Always use a URL shortening service that allows you to track the clicks so you can see what tweets actually get you the clicks and then you can model future tweets after the successful ones. I like BudURL.com as a URL shortening/tracking service.
So those were good tweets, but how can we make them better? Let’s take a look:
Top 3 things u must know BEFORE u buy a kite. Check it out now. Shortened URL here Plz RT
Why most kites don’t fly (it’s not what u think!) Shortened URL here Plz RT
Secrets for catching air w/ your kite! Fun for all! Shortened URL here Plz RT
By simply requesting people to RT your content, you will get a lot more retweets. Sometimes we forget the basics and it is often as simple as “ask and you shall receive”. Consistently when I include a “Plz RT” request, I get many more RTs.
Now let’s talk about a sales/promotional tweet.
These tweets are not only dependant on the content of the tweet but also on what comes before and after the tweet. What do I mean?
If you’ve tweeted nothing but sales pitches and aren’t offering any tips, news or information, people are less likely to follow you for very long. You need to make sure you aren’t just promoting your agenda but are tweeting useful, helpful information and then you can mix in your special offers and promotional tweets.
So assuming you are doing that, let’s look at what makes a good sales/promotional tweet:
You need to offer something people are going to want (ex: save money, save time, learn this, get a free report, free gift with purchase).
Creating urgency helps – so mention a limited time offer or deadline for them to check it out.
Today only! Off- season sale. 20% off all swimsuits. Shortened URL. Plz RT
This is specific, to the point, offers them a benefit and isn’t obnoxious.
Now, imagine seeing: SUPER sale MUST BUY TODAY great SAVINGS Don’t Miss Out! Fabulous Deals. – Most people aren’t going to respond, it’s too hype filled, it’s obnoxious and it doesn’t offer any real information about what the special offer is. If I see this more than once from someone, I will usually unfollow them. (I forgive them one time and figure they were just trying new things out and learning)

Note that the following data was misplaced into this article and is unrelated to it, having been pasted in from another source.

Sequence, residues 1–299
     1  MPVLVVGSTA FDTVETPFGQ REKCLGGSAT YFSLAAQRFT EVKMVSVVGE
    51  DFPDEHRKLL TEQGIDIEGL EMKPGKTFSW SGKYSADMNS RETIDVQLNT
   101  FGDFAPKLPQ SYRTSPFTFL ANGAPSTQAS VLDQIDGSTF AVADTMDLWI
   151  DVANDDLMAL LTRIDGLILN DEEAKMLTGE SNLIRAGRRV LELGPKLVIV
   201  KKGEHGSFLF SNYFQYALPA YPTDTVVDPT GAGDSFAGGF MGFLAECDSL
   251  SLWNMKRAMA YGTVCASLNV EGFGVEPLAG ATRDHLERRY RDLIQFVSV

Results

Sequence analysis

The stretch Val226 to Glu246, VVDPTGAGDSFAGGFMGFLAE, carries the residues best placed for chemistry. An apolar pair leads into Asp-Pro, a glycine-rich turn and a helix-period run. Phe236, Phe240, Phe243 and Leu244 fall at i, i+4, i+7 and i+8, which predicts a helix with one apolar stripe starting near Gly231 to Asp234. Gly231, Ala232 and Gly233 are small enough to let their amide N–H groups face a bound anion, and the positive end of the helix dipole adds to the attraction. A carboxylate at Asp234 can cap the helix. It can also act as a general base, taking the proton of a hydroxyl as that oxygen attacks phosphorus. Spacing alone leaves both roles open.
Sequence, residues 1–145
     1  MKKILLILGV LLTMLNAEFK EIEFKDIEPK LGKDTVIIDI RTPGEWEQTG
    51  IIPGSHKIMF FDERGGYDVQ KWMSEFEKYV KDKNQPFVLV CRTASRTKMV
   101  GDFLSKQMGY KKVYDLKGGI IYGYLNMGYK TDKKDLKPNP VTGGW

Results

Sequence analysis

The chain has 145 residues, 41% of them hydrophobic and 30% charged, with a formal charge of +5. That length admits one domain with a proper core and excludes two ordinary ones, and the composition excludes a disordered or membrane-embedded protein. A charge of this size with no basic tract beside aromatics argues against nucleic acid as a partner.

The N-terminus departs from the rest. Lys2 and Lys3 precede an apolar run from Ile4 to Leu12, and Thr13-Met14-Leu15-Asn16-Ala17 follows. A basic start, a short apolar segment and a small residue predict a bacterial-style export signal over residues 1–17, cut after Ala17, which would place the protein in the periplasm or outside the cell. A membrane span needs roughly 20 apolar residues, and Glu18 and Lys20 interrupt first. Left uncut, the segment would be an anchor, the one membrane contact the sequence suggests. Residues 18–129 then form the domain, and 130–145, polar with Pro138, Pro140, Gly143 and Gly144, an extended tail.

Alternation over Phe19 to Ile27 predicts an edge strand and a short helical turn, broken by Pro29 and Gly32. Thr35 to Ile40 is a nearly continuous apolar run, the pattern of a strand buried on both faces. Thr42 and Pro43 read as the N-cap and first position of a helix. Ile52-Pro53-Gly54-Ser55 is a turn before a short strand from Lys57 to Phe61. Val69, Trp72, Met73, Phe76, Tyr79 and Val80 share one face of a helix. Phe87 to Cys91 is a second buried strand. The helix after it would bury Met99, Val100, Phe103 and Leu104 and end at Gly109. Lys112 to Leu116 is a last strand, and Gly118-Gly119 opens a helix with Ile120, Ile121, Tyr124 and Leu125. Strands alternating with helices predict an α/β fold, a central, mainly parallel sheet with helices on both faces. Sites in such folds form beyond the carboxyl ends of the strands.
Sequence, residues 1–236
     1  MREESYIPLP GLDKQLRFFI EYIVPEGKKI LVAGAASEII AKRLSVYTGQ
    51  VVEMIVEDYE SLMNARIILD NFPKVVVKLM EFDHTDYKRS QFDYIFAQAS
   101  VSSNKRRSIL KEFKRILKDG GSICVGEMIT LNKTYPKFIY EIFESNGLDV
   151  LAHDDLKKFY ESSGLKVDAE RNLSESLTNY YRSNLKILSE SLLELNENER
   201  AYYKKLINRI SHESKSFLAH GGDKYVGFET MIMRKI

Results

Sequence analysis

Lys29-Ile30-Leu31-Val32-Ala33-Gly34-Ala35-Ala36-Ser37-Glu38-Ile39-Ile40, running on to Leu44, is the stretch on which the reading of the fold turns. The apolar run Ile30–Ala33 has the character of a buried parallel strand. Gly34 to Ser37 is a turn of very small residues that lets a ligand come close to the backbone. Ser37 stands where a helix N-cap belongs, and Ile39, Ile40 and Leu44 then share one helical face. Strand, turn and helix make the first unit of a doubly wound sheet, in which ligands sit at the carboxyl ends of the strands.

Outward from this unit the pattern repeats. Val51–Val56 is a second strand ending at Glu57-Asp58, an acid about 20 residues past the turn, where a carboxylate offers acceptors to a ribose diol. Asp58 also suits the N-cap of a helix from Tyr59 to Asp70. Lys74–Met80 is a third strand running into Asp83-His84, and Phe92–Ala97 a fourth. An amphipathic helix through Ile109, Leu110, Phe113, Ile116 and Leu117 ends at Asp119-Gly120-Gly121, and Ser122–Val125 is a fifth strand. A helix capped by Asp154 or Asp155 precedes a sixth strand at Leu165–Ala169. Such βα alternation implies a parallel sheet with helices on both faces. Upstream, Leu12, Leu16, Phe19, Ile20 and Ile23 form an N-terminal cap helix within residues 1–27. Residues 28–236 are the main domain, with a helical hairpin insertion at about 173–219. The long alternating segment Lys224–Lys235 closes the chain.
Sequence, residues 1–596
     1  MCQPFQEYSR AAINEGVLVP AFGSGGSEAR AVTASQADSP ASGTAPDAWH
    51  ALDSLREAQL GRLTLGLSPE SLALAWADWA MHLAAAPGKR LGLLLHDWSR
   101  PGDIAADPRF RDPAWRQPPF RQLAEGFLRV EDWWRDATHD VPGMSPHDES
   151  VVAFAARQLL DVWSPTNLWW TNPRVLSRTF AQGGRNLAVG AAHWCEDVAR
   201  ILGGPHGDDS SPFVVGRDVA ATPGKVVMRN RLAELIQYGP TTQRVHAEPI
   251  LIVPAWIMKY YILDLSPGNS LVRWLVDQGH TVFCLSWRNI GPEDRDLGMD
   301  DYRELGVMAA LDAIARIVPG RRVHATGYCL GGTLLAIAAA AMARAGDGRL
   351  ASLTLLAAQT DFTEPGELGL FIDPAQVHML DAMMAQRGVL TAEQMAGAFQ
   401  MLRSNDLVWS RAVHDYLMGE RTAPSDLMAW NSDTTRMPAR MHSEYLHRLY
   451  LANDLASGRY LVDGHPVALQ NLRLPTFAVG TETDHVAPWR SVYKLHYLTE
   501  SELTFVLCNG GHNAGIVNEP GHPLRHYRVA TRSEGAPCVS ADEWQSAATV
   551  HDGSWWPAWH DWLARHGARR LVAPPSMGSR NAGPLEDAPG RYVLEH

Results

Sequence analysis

Another good example: Free Report if u check out my website. Shortened URL. Plz RT – Not too salesy, tells them what they get and what they have to do and doesn’t SCREAM at people.
Let’s recap the components of a successful tweet:
- It has a clear benefit stated (ex: you will learn this, get this, know this etc after reading the content or taking advantage of the offer)
- It includes a shortened URL with tracking
- It has compelling text that entices but doesn’t scream at people
- It has a clear description of the topic or special offer
- It includes a request for RT
- It’s short enough to be Retweeted
- It is authentic and useful
- It uses keywords (a compelling tweet that uses a keyword could land you a click from real time search results) But NEVER stuff with keywords. When writing tweets, just consider using phrases that are related to your product or service that people may be searching for. A lot of people search TweetScan and other sites for people that are tweeting about certain topics so using a common or popular phrase in your industry may also get you found and get you some new followers. It is worth repeating: never stuff your tweets with keywords
- It is relevant to the topic your audience is likely following you for (In other words, don’t promote yourself as a dentist and then send all these offers for your shoe shining business. Sure, we all retweet other people’s tweets and we all have special things we want to offer from time to time that may not relate to the core topic we usually tweet about, but just remember people follow you for a reason and most often it’s because they are interested in the core topic that you tweet about. Sometimes it’s an interesting tweet that just caught their attention so they follow but most often people are looking to follow someone that tweets about a topic they are interested in.)
My goal is to keep Twitter a place that interests us, benefits us and to prevent it from turning into a sleazy message board for every sales offer under the sun. Keeping Twitter real, one tweet at a time.
Jennifer Horowitz is the Director of Marketing for www.EcomBuffet.com. Since 1998 Jennifer’s expertise in marketing and Search Engine Optimization (SEO) has helped clients increase revenue. Jennifer has been published in many SEO and marketing publications. Jennifer Horowitz is the author of Twitter Quickstart Success Training System, Blogging For Dollars, Optimization Step By Step: 2010 and more. For the whole scoop, visit http://www.ecombuffet.com. You can follow Jennifer on Twitter at http://www.twitter.com/ecombuffet